CapArms Quiet Shuttle System Tunable AR-15 Buffer

Capital Armament or CapArms is an Iowa based gun and ammo manufacturer more recently known for their $500 Titanium Magnum Rifle Suppressor (now $599). To compliment their titanium cans CapArms is now selling what General Manager Nate Rinehart is calling “an improvement to the traditional AR-15 carbine buffer system”, the CapArms Quiet Shuttle System.

The CapArms Quiet Shuttle System replaces the traditional Stoner carbine spring and buffer with a guide rod, smaller diameter shuttle weights, and smaller diameter springs. The shuttle weights act as the buffer and travel up and down the guide rod. The shuttle weights do not contact the inner walls of the buffer tube. CapArms claims this system eliminates the infamous “twang” of the traditional AR-15 buffer system. CapArms also says the system results in less erratic recoil and “by using a spring on a guide, there isn’t an undamped side-to-side vibration when the gun fires.”

The CapArms Quiet Shuttle System is tunable and features two different weights and two different springs, with the promise of more options in the near future. I would like to note that installation is not exactly drop-in and the system does require the removal of the standard buffer retainer pin and retainer pin spring.

 

You can buy the CapArms Quiet Shuttle System at CapArms.com and there is a quick installation video on the CapArms Facebook page.





Scott is a firearms enthusiast and gun hobbyist whose primary interest is the practical application of gun ownership. In addition to contributing to The Firearm Blog, he hosts and blogs for The Firearms Podcast, a podcast and blog about gun stuff by gun people. Scott is a 20-year veteran of the USAF and been a member of his base, state and the All Guard marksmanship teams. He can be reached via email at scott@thefirearmspodcast.com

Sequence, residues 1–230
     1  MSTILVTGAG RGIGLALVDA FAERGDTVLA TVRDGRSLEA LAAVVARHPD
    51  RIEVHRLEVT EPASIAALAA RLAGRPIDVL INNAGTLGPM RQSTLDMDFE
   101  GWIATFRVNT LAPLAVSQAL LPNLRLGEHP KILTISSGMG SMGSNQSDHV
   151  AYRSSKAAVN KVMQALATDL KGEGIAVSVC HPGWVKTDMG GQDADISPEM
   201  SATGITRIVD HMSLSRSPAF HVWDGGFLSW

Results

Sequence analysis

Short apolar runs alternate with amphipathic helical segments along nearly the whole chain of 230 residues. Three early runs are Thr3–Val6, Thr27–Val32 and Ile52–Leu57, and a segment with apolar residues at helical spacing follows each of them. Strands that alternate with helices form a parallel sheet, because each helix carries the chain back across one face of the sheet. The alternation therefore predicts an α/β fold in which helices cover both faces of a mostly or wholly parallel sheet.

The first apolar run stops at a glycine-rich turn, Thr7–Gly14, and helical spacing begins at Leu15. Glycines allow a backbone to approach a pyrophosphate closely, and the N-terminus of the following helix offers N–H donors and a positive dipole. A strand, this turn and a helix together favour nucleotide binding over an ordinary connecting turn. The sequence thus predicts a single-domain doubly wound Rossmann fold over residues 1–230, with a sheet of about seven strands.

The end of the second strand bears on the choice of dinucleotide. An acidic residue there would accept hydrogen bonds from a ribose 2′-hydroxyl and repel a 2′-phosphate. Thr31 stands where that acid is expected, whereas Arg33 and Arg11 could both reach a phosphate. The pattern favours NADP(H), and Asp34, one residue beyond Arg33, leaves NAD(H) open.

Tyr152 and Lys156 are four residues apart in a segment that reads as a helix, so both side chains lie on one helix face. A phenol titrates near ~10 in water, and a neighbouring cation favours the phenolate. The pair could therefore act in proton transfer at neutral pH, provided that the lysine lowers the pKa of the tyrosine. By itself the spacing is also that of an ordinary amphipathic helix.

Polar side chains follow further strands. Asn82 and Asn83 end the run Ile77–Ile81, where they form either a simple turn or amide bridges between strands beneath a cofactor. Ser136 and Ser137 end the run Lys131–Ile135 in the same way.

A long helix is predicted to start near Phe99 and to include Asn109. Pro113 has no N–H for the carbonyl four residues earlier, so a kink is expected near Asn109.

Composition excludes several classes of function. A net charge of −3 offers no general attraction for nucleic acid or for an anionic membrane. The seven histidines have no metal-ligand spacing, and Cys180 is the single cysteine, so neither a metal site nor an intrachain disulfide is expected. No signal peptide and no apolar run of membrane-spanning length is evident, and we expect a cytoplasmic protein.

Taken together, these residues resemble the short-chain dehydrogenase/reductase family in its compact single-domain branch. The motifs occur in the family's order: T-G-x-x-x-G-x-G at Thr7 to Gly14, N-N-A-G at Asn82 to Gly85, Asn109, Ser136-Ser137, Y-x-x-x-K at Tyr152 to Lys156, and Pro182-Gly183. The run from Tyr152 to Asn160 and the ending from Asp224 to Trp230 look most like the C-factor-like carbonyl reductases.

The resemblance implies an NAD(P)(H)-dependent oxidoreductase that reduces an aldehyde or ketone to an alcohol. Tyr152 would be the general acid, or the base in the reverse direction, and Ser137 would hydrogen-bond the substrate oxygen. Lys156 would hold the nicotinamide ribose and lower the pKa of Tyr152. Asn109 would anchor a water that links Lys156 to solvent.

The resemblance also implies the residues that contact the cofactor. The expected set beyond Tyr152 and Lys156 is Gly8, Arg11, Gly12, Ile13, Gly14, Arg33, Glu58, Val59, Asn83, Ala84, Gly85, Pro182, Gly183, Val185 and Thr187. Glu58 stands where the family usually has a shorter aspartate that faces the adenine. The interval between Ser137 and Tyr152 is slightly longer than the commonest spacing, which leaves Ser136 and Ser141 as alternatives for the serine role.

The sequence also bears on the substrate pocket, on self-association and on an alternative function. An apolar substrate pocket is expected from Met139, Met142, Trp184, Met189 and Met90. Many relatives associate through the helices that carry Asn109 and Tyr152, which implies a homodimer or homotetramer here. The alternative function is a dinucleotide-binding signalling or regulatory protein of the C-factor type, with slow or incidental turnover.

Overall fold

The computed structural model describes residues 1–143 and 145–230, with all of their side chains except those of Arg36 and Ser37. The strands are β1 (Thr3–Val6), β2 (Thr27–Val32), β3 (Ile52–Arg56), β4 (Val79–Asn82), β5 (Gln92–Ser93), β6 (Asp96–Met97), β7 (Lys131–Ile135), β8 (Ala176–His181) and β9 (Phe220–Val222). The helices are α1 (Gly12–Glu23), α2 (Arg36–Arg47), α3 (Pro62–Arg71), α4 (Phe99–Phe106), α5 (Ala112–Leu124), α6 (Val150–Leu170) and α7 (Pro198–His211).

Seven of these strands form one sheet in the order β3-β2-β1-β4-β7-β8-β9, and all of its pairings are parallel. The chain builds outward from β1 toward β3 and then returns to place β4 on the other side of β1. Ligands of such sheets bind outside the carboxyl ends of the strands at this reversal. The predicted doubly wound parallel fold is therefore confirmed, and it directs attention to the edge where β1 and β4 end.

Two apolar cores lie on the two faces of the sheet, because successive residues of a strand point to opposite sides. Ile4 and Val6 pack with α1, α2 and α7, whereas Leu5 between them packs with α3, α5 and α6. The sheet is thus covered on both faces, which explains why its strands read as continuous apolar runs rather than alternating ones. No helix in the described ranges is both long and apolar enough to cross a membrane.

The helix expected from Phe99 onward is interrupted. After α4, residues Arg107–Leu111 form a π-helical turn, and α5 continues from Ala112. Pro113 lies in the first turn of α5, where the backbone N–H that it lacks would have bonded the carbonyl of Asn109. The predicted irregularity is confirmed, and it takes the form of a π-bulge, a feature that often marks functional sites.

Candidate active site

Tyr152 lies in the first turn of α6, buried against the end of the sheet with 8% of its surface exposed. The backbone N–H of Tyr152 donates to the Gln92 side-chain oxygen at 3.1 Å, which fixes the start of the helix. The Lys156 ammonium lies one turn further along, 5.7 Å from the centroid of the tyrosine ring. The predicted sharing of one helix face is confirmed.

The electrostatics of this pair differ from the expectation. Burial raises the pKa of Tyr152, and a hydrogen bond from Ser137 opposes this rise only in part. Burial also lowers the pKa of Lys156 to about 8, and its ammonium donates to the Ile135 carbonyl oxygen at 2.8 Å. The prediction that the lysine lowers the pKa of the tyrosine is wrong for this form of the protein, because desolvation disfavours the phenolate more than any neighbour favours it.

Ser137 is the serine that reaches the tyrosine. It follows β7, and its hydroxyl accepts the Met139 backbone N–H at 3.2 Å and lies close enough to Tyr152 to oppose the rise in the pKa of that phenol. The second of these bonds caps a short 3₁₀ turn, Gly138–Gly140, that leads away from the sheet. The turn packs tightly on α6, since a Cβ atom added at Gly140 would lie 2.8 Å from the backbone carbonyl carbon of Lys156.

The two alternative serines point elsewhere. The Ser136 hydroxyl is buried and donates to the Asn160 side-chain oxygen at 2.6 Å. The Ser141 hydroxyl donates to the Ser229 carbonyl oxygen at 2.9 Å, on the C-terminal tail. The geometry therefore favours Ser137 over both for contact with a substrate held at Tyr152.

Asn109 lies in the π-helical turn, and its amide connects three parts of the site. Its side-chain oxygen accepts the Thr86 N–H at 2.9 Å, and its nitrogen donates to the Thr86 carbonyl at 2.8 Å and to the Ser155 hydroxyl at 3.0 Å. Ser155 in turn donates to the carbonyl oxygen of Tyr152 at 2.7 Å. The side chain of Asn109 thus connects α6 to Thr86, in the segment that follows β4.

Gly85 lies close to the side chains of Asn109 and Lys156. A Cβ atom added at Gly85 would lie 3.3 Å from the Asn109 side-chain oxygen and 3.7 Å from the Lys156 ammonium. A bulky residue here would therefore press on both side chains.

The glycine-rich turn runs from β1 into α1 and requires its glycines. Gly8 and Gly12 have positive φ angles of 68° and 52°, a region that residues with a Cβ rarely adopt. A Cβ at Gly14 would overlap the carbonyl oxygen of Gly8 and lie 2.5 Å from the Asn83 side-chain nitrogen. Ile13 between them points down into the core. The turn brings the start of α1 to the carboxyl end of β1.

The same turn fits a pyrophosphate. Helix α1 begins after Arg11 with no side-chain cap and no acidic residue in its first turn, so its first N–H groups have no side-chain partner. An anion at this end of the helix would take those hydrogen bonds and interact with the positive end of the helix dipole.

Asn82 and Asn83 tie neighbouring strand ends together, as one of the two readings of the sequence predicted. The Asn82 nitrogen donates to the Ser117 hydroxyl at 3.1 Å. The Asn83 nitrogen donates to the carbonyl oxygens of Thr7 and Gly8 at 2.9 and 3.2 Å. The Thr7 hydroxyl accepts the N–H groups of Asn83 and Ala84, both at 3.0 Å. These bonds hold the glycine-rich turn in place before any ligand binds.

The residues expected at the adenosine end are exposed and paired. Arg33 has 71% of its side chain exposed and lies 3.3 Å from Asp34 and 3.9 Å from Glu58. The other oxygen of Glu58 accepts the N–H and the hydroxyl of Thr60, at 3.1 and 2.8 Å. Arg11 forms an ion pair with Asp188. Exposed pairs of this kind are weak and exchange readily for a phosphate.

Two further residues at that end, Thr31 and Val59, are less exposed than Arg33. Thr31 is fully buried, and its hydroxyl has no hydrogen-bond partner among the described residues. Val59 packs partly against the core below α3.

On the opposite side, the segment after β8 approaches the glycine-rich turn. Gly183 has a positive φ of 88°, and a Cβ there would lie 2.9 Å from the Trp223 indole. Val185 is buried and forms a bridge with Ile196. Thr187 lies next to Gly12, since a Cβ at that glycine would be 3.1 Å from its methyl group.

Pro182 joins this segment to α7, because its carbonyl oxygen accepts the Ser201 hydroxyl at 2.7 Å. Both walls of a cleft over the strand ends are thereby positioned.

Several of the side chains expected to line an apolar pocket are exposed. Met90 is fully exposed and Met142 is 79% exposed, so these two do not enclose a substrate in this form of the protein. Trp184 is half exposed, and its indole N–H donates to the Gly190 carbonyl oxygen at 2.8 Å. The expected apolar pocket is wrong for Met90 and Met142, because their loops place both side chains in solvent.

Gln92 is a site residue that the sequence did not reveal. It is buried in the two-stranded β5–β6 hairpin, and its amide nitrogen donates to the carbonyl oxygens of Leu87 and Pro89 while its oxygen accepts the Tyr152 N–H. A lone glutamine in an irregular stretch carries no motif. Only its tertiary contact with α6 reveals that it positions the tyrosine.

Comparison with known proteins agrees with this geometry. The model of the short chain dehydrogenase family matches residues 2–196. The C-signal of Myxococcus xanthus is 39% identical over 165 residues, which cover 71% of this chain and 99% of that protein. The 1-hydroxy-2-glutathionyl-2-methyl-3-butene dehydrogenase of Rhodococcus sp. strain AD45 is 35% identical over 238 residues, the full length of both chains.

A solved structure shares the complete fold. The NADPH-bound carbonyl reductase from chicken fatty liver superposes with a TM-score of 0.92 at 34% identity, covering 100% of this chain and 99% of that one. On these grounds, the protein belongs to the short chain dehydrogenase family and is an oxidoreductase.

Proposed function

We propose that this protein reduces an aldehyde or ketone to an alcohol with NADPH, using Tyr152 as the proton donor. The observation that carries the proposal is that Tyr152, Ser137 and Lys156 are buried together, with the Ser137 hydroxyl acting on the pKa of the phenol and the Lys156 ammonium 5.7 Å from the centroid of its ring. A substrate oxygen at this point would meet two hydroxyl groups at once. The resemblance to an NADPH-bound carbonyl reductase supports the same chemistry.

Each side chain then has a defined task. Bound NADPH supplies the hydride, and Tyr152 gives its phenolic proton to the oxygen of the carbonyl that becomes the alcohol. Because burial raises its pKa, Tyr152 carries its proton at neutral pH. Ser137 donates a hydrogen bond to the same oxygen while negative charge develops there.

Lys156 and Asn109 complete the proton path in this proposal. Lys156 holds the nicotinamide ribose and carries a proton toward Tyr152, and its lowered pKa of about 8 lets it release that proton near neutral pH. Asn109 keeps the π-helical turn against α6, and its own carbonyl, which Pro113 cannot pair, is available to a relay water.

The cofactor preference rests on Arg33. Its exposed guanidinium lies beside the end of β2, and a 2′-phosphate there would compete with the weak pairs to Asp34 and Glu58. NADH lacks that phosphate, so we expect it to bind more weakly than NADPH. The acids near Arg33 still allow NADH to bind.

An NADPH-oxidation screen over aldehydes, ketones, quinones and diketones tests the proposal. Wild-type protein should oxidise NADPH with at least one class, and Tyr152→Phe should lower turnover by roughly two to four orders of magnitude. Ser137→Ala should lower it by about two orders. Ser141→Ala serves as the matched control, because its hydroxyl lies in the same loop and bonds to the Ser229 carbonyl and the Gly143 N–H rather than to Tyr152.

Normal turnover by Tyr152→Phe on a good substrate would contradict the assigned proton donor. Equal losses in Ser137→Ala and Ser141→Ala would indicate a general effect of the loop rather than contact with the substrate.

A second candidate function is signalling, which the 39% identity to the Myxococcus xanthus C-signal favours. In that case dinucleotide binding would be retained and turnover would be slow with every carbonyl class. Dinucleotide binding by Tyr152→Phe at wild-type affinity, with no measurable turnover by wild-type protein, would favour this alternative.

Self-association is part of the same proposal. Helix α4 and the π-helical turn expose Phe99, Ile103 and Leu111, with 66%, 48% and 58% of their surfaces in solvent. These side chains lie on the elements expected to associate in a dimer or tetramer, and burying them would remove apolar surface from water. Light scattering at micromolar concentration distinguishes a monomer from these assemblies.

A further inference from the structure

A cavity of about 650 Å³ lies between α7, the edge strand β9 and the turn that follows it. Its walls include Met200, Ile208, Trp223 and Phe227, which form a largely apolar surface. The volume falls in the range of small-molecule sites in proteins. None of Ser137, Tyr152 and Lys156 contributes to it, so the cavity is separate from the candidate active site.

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  • PK

    Missing from this article – the price is only $99.99 right now, $139.99 MSRP.

    At that cost, it’s worth trying if you’re tired of the spring noise when running silenced but can’t justify the JP Enterprises captured spring assembly’s slightly higher cost. For $100, you even get two weights and two springs to try out, which seems like a decent deal.

    “The Quiet Shuttle System will not be retained by a typical buffer retaining pin, so the shuttle will eject upon removal of the upper. This is by design.”

    That won’t be too appealing to anyone in CA with an AR set up to tilt the upper open slightly for mag removal.

    • Jared Vynn

      The JP offering however is also available for ar10 and 9mm though with gen 2. It also can be used in carbine and rifle length tubes (using a supplied spacer for the rifle length).

      • PK

        True, and they’re extremely nice. Both systems are the same general idea, and this introductory offer (I assume) is a better deal for the whole set – for now. It’s good to have options!

        • Jared Vynn

          Options are always good, competition sparks Innovation and lower prices.

          • PK

            Just my thinking, along with how not every product works the best for every shooter. It really is wonderful how this hobby has a little bit of everything for every taste!

      • thedonn007

        You would need to remove the weight from the 9mm bolt carrier.

        • Jared Vynn

          The 9mm SCS from JP is newish and isn’t compatible like the ar15/ar10 models. No need to remove weights to get it to work, and 9mm buffers need to be heavier anyways.

    • Calling that ejection unappealing is an understatement. I don’t want to have to catch the shuttle every time I strip the gun down.

      JP’s system doesn’t have that issue.

    • Haulin’ Oats

      Tubb’s Flatwire Spring and Geissele Super 42 Buffer both solve the issue of spring noise and do it with less complecation and cost.

      • Sledgecrowbar